I subscribe to a military information list. Usually it has stuff that appeals to game designer friends of mine (I call it science fiction meets reality). For the most part, they are hard core, hard combat types (who else gets to test drive real weapons systems like grenade launchers that fire mini-grenades out like machine gun rounds).
Interestingly enough, the latest they were pushing was both dropping DADT and providing spousal benefits to the spouses of gay service members.
Of course their readership was all over the map. As far as I can tell, if someone serves with someone they know is gay, they don't care about gays in the military, combat or otherwise. If they have not, or are older (from the era of predatory male/female interactions in the military), they are hostile to the idea. And the Air Force doesn't seem to care at all -- kind as if they were a non-combat branch.
The easy transition is to allow gays to be "out" any place or spec that women have. That avoids the front line combat unit issue (the only place with a lot of resistance), yet ensures that everyone will meet gays. Probably take a year and DADT would dissolve of its own weight and experience.
So, repeal DADT for the Air Force and Navy, repeal it for all Army "non-combat" roles (everywhere women are currently allowed to serve) and punt on the Marines. Get ready to repeal the entire thing in 12 months if it goes as expected.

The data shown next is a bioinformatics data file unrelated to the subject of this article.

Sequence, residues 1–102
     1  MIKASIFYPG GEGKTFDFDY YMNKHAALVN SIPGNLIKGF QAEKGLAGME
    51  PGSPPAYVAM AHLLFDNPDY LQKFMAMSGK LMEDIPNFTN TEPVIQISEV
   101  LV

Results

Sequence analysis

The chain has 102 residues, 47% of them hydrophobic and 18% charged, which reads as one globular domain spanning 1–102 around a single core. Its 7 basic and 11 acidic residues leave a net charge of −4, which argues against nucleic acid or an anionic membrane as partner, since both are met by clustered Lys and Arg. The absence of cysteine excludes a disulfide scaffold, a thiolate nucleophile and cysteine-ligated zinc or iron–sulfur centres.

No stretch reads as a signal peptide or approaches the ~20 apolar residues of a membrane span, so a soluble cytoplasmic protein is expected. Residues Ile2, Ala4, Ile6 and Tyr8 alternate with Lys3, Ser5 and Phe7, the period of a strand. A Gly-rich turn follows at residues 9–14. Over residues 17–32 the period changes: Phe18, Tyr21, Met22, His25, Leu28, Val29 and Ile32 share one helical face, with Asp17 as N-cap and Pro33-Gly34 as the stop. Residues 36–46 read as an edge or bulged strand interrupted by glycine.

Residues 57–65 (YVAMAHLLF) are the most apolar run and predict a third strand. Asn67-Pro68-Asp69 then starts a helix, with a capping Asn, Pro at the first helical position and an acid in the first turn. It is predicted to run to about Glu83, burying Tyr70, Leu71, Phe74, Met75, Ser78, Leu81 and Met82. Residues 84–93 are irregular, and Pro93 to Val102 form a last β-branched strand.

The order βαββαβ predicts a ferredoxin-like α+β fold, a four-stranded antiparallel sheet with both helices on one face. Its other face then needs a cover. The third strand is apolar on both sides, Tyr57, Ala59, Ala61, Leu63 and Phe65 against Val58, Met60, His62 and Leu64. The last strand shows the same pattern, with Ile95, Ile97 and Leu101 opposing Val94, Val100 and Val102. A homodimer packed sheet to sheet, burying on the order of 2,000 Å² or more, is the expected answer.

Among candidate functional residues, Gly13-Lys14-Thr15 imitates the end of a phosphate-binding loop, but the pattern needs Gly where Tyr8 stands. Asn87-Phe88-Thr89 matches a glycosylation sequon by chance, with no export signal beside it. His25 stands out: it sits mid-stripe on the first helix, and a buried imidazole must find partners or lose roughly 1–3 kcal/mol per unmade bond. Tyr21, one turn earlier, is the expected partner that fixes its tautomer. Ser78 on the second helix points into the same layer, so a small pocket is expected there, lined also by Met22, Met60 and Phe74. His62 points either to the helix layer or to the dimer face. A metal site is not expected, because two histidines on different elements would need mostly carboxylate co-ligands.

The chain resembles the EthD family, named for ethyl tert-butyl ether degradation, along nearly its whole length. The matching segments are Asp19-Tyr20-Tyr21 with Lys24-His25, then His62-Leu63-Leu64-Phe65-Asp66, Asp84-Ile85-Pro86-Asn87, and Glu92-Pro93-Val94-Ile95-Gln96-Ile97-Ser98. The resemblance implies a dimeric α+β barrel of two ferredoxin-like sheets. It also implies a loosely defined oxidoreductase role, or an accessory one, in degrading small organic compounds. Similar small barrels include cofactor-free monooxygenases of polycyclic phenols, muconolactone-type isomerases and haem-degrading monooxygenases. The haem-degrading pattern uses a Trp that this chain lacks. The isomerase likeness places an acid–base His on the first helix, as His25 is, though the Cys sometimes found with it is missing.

Now I did have a friend tell me that gays are too valuable to risk in combat or the military, but that point of view aside, I think everyone else's issues and needs are met, with a rational transition, and a chance to pull back if it turns out there is something dramatically wrong with the idea vis a vis combat arms that recognition won't cure.
Yes, that means mixed status for a while, but this is something that should have/could have been begun a while back. The sooner begun, the sooner a mess is behind us and the military's combat effectiveness is not diluted by distraction or politics.
Or that is my current thought. Let me know where I am wrong.